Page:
And The Winner For Most Popular Coin Is….
I bought a ton of coins at the recent ANA. They ranged in price from under $1,000 to close to $100,000 and nearly all have been sold on my website in the two+ weeks since the end of the show. One coin garnered more attention than any other.
It was ordered no less than eleven times (by different individuals) until I finally marked it “on hold.” I would have never guessed, when I bought it, that this seemingly mundane coin would have become my Most Popular New Purchase for the 2013 ANA. And the winner for Mr. Popularity was (drumroll)……???
1892-CC $10.00 PCGS EF40 CAC
Priced at a whopping $1,000, this coin connected with a wide range of people. It was ordered by two dealers and nine collectors running the gamut from beginners to seasoned vets.
What was it about this coin that made people go gaga?
I have a few theories. Let’s explore them.
1. It Was Underpriced
As I mentioned in the description, by today’s standards this coin grades more like AU50 to AU53 than EF40. This made it more likely to have a final value of $1,250 or so as opposed to the $1,000 it was listed for. At least eleven people spotted that this was a good deal, if not an actual bargain.
2. It Was An Affordable But Nice CC Gold Coin
If you don’t have a huge budget but want to own a Carson City gold coin with a good overall appearance, you don’t have a ton of choices. The typical CC double eagle now costs over $2,000 – and at the $1,000 price point any half eagle that’s not dated 1891-CC tends to be kind of boring. I can’t remember the last time I had an interesting CC eagle that was priced at $1,000.
3. The Lure of the OGH Is Strong…
Collectors love OGH PCGS coins and it isn’t hard to understand why. The purist in me appreciates that a coin graded back in the late 1980′s or early 1990′s is going to look the same in another 20+ years as it does now. In other words, if PCGS had missed surface enhancement(s) on said 1892-CC eagle, the coin would have already turned in the holder. The fact that it was dark and dirty was a pretty sure sign that it was “as is” and wasn’t going to turn.
4. Nice, Original Coins Are In Demand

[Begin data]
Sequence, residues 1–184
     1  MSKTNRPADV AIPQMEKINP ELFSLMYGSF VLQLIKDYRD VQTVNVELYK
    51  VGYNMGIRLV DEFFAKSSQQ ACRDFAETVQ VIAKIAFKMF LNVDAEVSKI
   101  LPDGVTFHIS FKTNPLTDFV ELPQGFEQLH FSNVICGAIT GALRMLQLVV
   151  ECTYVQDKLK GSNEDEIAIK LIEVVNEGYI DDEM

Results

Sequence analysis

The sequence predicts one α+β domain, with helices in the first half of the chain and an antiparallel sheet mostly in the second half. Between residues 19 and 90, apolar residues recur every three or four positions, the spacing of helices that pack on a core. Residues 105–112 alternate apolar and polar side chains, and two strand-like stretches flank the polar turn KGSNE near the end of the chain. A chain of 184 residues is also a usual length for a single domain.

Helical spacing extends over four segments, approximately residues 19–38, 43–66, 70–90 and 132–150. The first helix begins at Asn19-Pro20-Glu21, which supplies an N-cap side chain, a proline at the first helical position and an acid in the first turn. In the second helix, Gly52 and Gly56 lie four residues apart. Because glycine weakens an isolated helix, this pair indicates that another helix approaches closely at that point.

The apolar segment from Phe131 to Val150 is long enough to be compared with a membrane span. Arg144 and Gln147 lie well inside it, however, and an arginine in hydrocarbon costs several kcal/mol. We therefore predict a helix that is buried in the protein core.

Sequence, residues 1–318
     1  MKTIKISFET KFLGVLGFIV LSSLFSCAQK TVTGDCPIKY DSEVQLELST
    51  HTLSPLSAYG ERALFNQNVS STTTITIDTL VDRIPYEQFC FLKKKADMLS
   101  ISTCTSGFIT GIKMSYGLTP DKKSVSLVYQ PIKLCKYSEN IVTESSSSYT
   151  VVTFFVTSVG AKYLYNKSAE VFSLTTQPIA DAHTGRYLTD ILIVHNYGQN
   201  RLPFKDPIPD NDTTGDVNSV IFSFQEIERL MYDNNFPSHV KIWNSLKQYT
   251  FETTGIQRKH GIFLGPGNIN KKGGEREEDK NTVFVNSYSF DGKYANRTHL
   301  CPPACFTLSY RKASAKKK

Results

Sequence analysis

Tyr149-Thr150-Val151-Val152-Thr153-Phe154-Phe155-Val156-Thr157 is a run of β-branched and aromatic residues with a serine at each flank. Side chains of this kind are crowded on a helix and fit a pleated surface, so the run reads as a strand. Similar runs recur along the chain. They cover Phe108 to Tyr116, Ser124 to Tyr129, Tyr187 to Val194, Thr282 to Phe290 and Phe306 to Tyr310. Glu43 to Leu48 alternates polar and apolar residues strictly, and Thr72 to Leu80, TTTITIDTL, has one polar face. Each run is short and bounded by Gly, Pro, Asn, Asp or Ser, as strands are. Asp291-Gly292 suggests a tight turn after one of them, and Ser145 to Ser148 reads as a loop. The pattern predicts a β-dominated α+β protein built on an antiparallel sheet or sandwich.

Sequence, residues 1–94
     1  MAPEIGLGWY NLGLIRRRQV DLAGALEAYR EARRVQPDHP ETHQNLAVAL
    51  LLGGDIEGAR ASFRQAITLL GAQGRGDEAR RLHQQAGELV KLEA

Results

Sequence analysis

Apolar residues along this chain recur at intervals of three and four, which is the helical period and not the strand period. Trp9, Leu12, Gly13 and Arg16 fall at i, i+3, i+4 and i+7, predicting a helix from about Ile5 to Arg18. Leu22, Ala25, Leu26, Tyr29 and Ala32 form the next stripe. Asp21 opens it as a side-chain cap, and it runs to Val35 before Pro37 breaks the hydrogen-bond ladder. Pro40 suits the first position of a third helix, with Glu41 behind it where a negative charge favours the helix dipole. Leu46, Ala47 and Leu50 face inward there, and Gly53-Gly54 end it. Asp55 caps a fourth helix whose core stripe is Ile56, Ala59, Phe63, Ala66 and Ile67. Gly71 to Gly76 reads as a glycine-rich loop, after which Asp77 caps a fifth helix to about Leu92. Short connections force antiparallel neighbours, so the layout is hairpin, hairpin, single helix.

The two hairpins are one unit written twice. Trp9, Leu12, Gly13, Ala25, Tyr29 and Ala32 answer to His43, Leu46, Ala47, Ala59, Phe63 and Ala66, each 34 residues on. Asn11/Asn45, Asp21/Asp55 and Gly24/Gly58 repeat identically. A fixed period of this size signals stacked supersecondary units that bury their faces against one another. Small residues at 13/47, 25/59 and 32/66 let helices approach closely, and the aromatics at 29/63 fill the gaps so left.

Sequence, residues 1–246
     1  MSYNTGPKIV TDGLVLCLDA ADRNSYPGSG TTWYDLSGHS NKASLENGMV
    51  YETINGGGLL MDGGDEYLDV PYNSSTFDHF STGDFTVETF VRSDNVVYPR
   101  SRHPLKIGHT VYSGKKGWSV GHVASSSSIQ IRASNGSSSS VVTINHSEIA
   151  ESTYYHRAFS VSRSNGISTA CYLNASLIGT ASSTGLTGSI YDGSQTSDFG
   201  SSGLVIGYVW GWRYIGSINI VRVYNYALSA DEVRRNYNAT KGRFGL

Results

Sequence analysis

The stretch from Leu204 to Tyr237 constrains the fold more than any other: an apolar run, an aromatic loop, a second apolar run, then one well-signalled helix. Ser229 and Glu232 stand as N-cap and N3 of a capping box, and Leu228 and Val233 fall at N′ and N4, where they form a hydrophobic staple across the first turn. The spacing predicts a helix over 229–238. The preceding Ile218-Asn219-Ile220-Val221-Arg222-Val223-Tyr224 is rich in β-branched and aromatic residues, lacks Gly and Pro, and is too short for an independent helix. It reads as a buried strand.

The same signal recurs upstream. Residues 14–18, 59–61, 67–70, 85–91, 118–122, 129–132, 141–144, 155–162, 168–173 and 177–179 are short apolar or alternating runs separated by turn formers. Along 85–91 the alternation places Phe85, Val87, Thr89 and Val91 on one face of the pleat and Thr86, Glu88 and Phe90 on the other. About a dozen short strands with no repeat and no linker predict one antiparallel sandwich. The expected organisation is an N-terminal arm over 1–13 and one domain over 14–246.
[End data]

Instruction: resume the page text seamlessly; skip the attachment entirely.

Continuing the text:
This coin was dirty and original and coins with this sort of appearance are in demand. I’d like to think I had a little bit to do with this…
5. Liberty Head Eagles Are In Demand As Well.
As I’ve pointed out a number of times in the last few years, the Liberty Head eagle series has gone from mildly popular to very popular. This denomination will never be as popular as its big brother the double eagle but the number of people who dabble or specialize in this denomination has grown dramatically since 2008-2009. And an interesting Liberty Head eagle priced at a grand isn’t easy to find.
I would have to guess that this perfect storm of desirability and appeal was what made this 1892-CC eagle so popular. To the collector whose email I received first and who is now the happy owner of Mr. Popularity…kudos. And to everyone else who tried and failed to buy the 1892-CC eagle…thanks and sorry. We will do another deal and soon, I hope!
About Doug Winter
Doug has spent much of his life in the field of numismatics; beginning collecting coins at the age of seven, and by the time he was ten years old, buying and selling coins at conventions in the New York City area.
Recognized as one of the leading specialized numismatic firms, Doug is an award winning author of over a dozen numismatic books and the recognized expert on US Gold. His knowledge and exceptional eye for properly graded and original coins has made him one of the most respected figures in the numismatic community and a sought after dealer by collectors and investors looking for professional personalized service, a select inventory of impeccable quality and fair and honest pricing. Doug is also a major buyer of all US coins and is always looking to purchase collections both large and small. He can be reached at 214-675-9897.
Doug has been a contributor to the Guidebook of United States Coins (also known as the “Redbook”) since 1983, Walter Breen’s Encyclopedia of United States and Colonial Coins, Q. David Bowers’ Encyclopedia of United States Silver Dollars and Andrew Pollock’s United States Pattern and Related Issues
In addition he has authored 13 books on US Gold coins including:
- Gold Coins of the New Orleans Mint: 1839-1909
- Gold Coins of the Carson City Mint: 1870 – 1893
- Gold Coins of the Charlotte Mint: 1838-1861
- Gold Coins of the Dahlonega Mint 1838-1861
- The United States $3 Gold Pieces 1854-1889
- Carson City Gold Coinage 1870-1893: A Rarity and Condition Census Update
- An Insider’s Guide to Collecting Type One Double Eagles
- The Connoisseur’s Guide to United States Gold Coins
- A Collector’s Guide To Indian Head Quarter Eagles
- The Acadiana Collection of New Orleans Coinage
- Type Three Double Eagles, 1877-1907: A Numismatic History and Analysis
- Gold Coins of the Dahlonega Mint, 1838-1861: A Numismatic History and Analysis
- Type Two Double Eagles, 1866-1876: A Numismatic History and Analysis
Finally Doug is a member of virtually every major numismatic organization, professional trade group and major coin association in the US.
If you are interested in buying or selling classic US coins or if you would like to have the world’s leading expert work with you assembling a set of coins? Contact Doug Winter at (214) 675-9897 or by email at email@example.com.